Australia is in need of additional volunteers to combat the effects of climate change, according to Geoff Goldrick.
I was fortunate enough to be part of the team of Australian volunteer firefighters who were able to reciprocate the assistance Canada provided during the intense bushfire season of 2019-20. We were incredibly grateful for their support during our time of need.
In 2019, there were noticeable and concerning similarities between Australia and Canada in 2023. Both countries were experiencing severe drought and the term “unprecedented” was commonly used to describe the situation.
During the current year, Canada, Turkey, Greece, Italy, Spain, the Canary Islands, and the US all experienced significant wildfires. The summer of 2023 set a record for heat in the northern hemisphere and people were greatly impacted by the widespread wildfires.
Around the world, there were wildfires, floods, and numerous other disastrous climate events. While none of these occurrences can be solely linked to the carbon-induced climate emergency, collectively they paint a narrative that can no longer be ignored.
In a scenario where this is the future, what actions can be taken? The problem of the climate crisis can often feel insurmountable. While our personal attempts to decrease our carbon footprint are significant, they may seem insignificant compared to the enormity of the issue.
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In order to confront the challenges of climate change, we must be resilient and a crucial aspect of developing that resilience will be reviving the spirit of volunteerism.
In Australia, there is a long-standing tradition of individuals volunteering their time to contribute to their communities, whether it be through participating in fire brigades, state emergency services, St John Ambulance, Lions, Rotary, or other community organizations. However, this sense of civic duty has decreased in recent years.
Our current volunteers are aging and there is a decline in new members. The rising expenses of daily life and the stress of contemporary society make it more challenging to make time, but we cannot develop resilience on our own. We must collaborate to achieve this goal.
We require additional volunteers and they require additional assistance.
Not all volunteers are required to operate a hose. It’s understandable if you’re not comfortable driving a fire truck or navigating a rescue boat through floods. However, behind the front lines, there is a team of volunteers who handle communication, coordinate meals and emergency shelter, inform the public, and assist their community in preparation and recovery efforts.
Inquire among others, there is likely a position that aligns with your abilities and passions.
Volunteers, whether on the frontlines or in a supporting role, require assistance from their loved ones, friends, and colleagues.
Without the selfless help of my partner and family, I wouldn’t have been able to fulfill my role as a firefighter. This was especially true in 2019 when, after long days on the job, I would come home to find a warm meal, clean clothes, and loving embraces waiting for me. While I was busy on the trucks, my amazing family took care of everyday tasks, worried about my safety, and even prepared for the possibility of evacuating our own home due to fire threats. If you are unable to volunteer yourself, supporting a family member who does is just as valuable as actually being on the front lines.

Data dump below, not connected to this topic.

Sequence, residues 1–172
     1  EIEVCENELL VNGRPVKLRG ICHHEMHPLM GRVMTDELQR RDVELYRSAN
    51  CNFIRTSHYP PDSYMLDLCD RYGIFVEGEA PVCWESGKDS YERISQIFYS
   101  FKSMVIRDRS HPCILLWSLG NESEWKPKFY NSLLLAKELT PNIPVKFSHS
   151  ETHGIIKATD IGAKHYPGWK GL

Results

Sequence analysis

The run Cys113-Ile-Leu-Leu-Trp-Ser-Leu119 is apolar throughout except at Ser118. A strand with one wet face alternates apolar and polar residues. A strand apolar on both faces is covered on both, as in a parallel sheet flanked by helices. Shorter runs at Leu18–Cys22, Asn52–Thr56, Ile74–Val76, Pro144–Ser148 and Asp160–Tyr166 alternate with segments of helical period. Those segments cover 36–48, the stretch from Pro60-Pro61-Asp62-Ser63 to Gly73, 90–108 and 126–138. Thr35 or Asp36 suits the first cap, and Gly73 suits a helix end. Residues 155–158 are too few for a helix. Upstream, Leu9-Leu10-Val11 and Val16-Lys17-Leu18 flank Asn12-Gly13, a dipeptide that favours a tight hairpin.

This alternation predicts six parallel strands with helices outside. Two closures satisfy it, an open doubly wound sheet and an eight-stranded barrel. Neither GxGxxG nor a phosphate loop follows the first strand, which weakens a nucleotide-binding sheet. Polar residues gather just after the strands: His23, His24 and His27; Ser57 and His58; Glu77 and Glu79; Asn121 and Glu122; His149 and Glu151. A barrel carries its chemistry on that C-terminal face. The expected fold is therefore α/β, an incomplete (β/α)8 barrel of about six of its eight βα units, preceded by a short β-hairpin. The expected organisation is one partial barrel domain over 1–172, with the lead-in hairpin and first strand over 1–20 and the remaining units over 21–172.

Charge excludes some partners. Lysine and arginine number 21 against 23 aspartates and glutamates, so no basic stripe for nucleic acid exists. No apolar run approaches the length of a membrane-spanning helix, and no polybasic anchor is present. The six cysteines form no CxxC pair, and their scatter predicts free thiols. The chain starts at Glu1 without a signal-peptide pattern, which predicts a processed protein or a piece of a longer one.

If the support of my family made volunteering easier, work has sometimes been a different story. In October 2019 I wrote an email to my manager thanking them for releasing me for a few days in the previous fortnight and hoping that the worst was over. Little did I know. As the days became weeks and then months, the tensions with my city-based manager grew. It was only when blankets of smoke brought the scale of the emergency home to Sydney that the tension eased and they suggested an article about my firefighting for the newsletter. I was floored!
As volunteers we don’t expect to be paid when we respond to an emergency, but we would like to know that it won’t threaten our jobs. As an employer or manager, if you can’t jump on a truck please support your employees who can. A more resilient community benefits us all. Being a good corporate citizen is good for business.
During the winter season, I took the inland route from NSW to northern Queensland. The landscape was filled with thriving grasslands and forest understory, thanks to favorable weather conditions. As a firefighter, I recognized this as potential “fuel”. While this season won’t be as severe as the previous one, it will still present challenges. Australia has always been prone to droughts and heavy rains, but climate change has heightened these occurrences. To overcome them, we must build resilience, which will rely on the efforts of a dedicated community of volunteers.